My Official Podcast Interview with Max Cole of Cinema After Dark in LA

Hello All!

I wanted to share with you the interview I did with the talented & incomparable film maker and podcast host Max Cole out of LA.  In this interview, we chat about my work as a unit publicist for indie film, what attracts me to indie film and what my process is when it comes to pitching for a film and how I build my network. Then we moved on to chat about music, sports and our mutual love for video games! Definitely a great interview and I’d love to stop by again and chat with Max. Check him out on Twitter @cinemaafterdark & @maxcolefilms, Instagram at @maxcolefilms and on Facebook at Cinema After Dark!

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Announcing the Official Launch of My IMDB Page

 

Hello All,

 

As I’ve been doing more unit publicity work in film & television in last few years and looking into new opportunities to continue to help amazing narratives in film, TV and web get the promotion they deserve and get discovered, I thought it was time to officially put my experience in the industry out there.

That’s why today, I’m pleased to make the announcement on the official launch of my IMDB page! As always, you’ll be able to follow me on here and via Twitter for the latest updates on all types of projects from social media marketing to blogging/copywriting but my IMDB page will have all the official listings of all my unit publicity experience.

Keep it locked to my blog here & on my IMDB page for everything film!

Case Study: Managing Unit Publicity and PR Campaign for the 2017 Crazy8s Film Event

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THE CHALLENGE

As unit publicist for the Crazy8s Film Event, developing the PR campaign for the film event as well as managing the publicity for all 6 winning teams during production, on set and during post production meant that I had educate the media that this was a film event, not a film festival. Being a film event meant that the top 6 winning teams won THE RIGHT to have their films produced and edited in 8 days with in-kind sponsorship donations in the form of cash and equipment, rather than submitting finished films to win awards.

The teams were:

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CypherA coming of age hip hop story about a Korean American teenager who finds a platform to confront the pain of his past in LA’s underground hip hop scene following the 1992 riots.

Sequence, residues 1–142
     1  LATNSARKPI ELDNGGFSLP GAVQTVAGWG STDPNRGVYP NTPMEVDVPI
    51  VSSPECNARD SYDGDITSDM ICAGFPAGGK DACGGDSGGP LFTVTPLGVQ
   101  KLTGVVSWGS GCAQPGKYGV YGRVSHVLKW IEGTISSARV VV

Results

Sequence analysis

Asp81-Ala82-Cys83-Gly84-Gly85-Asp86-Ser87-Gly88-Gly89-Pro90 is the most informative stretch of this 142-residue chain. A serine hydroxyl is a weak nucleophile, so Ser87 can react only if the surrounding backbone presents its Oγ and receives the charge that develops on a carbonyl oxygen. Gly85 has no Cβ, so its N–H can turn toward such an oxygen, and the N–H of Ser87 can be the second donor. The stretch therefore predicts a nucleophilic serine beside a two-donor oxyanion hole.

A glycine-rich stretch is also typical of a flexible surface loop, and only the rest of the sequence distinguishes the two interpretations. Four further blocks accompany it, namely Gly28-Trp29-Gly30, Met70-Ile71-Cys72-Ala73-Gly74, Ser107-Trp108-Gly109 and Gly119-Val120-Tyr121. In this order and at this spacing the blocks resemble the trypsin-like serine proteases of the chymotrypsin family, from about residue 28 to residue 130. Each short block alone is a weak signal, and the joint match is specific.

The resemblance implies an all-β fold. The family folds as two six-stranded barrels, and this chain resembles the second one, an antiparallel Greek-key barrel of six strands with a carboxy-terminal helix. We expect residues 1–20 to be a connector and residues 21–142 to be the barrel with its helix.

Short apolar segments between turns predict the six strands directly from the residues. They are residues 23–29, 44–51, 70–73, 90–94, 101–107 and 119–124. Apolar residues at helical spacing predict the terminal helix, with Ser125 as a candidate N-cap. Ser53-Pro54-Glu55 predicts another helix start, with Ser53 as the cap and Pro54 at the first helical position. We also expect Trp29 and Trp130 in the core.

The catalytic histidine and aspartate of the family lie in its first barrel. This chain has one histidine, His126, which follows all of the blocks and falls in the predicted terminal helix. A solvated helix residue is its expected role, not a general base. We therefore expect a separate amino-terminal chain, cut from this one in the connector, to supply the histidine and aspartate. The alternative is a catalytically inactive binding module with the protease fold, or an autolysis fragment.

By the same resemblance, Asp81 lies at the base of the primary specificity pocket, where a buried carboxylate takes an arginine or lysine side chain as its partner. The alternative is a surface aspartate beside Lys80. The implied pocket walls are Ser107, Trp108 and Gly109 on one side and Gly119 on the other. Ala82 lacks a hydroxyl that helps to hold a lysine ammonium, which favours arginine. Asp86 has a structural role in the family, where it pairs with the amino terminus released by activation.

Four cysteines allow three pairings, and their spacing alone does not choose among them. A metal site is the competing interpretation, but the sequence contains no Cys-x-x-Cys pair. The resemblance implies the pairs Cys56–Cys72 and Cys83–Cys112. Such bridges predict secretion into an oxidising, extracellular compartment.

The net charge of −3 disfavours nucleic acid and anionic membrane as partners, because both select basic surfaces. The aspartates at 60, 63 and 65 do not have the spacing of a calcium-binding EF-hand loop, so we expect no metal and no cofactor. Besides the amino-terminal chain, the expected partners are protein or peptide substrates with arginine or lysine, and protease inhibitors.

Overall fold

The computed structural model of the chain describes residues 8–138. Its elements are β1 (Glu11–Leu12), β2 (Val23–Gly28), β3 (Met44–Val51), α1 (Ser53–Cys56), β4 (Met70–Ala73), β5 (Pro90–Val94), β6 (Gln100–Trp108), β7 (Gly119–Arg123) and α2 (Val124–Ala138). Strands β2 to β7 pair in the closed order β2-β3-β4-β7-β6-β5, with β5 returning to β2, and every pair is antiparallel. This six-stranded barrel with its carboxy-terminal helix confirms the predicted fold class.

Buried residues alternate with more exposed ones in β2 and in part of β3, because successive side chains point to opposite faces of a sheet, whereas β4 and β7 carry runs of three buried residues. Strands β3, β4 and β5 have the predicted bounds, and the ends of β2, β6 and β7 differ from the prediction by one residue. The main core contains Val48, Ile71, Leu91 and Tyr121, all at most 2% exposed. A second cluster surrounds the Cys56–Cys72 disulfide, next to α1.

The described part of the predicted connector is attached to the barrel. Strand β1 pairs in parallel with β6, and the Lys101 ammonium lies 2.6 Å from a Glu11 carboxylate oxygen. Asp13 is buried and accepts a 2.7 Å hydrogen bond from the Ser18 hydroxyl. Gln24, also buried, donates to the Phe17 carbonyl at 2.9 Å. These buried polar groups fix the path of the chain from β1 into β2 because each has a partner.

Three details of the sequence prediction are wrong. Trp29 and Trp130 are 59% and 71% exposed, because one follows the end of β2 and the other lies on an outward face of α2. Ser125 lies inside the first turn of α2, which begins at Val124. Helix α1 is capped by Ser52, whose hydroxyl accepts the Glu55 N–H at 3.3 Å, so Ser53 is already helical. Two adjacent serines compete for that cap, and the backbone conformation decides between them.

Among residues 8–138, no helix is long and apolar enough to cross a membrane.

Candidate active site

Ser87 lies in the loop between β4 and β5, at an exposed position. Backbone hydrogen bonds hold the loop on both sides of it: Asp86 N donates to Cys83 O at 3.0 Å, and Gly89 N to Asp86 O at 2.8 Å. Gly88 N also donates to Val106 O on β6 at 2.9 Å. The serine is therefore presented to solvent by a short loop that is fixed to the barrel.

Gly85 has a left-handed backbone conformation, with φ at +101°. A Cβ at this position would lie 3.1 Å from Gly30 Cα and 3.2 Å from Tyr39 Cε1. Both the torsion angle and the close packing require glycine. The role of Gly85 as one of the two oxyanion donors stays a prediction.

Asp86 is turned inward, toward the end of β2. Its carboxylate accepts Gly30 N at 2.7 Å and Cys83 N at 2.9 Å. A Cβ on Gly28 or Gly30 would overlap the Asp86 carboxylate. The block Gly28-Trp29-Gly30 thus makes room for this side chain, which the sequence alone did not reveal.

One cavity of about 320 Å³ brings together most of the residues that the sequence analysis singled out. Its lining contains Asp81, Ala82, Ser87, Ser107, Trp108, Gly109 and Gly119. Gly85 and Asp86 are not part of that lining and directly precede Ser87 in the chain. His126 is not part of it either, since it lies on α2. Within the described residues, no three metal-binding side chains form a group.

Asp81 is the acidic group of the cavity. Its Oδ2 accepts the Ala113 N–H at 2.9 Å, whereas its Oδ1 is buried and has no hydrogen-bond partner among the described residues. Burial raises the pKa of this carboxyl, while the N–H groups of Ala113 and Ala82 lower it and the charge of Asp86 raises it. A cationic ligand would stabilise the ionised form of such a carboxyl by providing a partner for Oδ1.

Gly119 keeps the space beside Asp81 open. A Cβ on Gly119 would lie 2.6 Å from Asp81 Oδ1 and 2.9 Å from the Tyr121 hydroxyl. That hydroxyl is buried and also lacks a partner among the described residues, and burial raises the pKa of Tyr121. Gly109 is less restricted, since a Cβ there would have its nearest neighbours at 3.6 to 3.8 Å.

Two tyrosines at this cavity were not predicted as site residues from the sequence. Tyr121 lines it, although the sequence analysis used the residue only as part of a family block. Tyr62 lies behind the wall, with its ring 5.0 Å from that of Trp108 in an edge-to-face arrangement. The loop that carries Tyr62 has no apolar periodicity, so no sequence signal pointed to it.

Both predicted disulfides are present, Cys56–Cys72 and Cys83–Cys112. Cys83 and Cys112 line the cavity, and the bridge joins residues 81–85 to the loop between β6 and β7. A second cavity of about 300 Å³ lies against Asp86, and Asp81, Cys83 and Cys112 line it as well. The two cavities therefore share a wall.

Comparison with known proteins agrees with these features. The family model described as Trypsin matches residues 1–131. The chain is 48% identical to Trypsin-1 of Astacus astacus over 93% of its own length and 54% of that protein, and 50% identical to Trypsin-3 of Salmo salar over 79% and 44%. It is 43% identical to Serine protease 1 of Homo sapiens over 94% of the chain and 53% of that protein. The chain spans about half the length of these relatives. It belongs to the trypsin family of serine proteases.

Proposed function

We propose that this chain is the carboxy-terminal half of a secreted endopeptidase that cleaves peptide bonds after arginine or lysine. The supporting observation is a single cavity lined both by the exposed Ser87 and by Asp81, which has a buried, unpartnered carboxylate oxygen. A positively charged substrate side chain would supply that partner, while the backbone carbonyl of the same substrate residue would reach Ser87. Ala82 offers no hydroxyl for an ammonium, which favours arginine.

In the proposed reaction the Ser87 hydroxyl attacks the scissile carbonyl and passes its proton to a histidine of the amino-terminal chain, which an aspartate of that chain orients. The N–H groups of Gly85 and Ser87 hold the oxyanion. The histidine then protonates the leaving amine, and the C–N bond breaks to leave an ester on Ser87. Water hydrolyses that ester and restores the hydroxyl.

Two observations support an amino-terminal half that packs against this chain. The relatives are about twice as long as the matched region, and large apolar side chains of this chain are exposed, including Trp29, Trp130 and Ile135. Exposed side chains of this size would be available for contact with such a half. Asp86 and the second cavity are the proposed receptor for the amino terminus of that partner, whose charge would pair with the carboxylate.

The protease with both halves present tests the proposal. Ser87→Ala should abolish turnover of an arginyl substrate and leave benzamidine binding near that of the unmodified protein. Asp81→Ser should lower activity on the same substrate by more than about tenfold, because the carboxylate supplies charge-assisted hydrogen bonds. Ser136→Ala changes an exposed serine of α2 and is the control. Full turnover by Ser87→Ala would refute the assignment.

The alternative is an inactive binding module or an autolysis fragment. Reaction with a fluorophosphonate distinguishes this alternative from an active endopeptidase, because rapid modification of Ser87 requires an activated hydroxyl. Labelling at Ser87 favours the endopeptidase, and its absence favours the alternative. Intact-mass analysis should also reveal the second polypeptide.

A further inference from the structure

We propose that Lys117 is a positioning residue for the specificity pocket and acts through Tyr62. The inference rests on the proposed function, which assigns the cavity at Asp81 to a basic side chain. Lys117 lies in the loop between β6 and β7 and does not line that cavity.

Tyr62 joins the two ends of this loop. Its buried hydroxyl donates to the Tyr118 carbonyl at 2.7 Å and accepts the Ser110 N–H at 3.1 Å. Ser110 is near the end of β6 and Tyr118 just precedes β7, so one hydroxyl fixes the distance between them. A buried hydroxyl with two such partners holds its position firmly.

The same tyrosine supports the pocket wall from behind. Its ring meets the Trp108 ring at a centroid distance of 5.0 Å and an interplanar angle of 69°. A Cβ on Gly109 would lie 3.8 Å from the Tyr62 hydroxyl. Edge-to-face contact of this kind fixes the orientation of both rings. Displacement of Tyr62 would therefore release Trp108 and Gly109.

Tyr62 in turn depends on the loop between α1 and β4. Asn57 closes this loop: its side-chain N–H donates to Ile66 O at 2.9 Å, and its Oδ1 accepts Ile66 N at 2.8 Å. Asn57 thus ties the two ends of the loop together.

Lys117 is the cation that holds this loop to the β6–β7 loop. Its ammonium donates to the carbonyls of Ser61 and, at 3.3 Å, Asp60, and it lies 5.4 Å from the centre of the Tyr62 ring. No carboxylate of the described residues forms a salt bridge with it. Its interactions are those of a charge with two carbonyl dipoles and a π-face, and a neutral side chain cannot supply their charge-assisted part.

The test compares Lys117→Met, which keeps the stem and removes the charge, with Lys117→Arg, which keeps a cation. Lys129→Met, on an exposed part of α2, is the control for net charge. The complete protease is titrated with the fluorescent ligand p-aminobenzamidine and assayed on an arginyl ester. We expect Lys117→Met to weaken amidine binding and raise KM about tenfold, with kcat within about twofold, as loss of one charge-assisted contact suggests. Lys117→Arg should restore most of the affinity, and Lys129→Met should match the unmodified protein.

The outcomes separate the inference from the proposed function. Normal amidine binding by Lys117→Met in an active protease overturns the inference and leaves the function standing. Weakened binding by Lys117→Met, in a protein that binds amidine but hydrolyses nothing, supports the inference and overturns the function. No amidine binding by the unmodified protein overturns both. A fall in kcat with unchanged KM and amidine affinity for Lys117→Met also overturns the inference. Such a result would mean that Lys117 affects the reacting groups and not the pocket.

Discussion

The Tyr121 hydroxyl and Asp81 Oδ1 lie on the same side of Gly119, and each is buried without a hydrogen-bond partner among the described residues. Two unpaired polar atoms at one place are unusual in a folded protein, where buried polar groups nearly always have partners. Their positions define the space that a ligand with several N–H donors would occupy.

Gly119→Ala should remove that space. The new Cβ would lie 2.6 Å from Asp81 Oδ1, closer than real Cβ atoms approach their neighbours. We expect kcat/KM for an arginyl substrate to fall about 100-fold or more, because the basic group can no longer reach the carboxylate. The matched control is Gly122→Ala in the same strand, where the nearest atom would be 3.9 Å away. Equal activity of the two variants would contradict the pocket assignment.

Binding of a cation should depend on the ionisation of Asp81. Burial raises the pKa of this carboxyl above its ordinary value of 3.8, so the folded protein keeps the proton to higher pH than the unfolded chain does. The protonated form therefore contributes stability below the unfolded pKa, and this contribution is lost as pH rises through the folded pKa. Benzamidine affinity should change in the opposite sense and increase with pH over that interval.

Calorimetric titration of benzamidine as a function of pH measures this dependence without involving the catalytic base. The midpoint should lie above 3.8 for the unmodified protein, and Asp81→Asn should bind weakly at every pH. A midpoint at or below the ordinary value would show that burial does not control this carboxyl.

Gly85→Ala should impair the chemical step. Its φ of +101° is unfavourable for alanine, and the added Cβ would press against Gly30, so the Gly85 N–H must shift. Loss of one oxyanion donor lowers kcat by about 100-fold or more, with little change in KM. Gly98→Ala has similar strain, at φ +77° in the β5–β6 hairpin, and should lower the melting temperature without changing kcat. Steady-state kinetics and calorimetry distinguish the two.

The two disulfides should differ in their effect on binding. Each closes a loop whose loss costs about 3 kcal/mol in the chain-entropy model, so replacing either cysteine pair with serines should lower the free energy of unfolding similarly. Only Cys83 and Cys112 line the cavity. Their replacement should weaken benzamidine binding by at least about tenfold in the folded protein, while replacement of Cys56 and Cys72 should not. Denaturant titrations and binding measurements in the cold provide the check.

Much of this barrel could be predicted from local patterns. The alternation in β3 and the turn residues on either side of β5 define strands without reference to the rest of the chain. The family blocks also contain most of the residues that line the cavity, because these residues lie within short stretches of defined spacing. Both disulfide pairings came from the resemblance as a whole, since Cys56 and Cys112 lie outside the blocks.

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Anh Hung-a story of how sibling bonds are forever changed when a young girl discovers the truth of her family’s (and her older brother’s) activities outside the law.

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The Prince-a young dancer and her uncle, an actor, struggle with their identity as Middle Eastern Canadians following a violent confrontation on public transit.

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No Reservations-a satirical take on pipelines where the roles of the homeowners and the oil/gas company executives are reversed.

Undertaker’s Son– A young man in an 1880s Western town is forced to confront some long buried feelings about family when he joins his father for his first day of work as a undertaker for the family business.

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WoodMan-A man made of wood befriends a woman online and comes to realize how some of the lies he’s been telling himself has kept him trapped for years.

Additionally, I was also responsible for working with the teams to develop the official press kits that properly reflected their experiences and positioned the proper ‘story hooks’ for each of the 6 films to mainstream and online local and international media. With this year’s group of films focused on subjects outside popular genres such as horror, LGBT, romance and straight up comedy, developing the PR campaign was less about pitching to genre-specific media and more about doing research into each media outlet and what the types of films the journalists/bloggers/podcasters usually reviewed and scheduled interviews for.

THE SOLUTION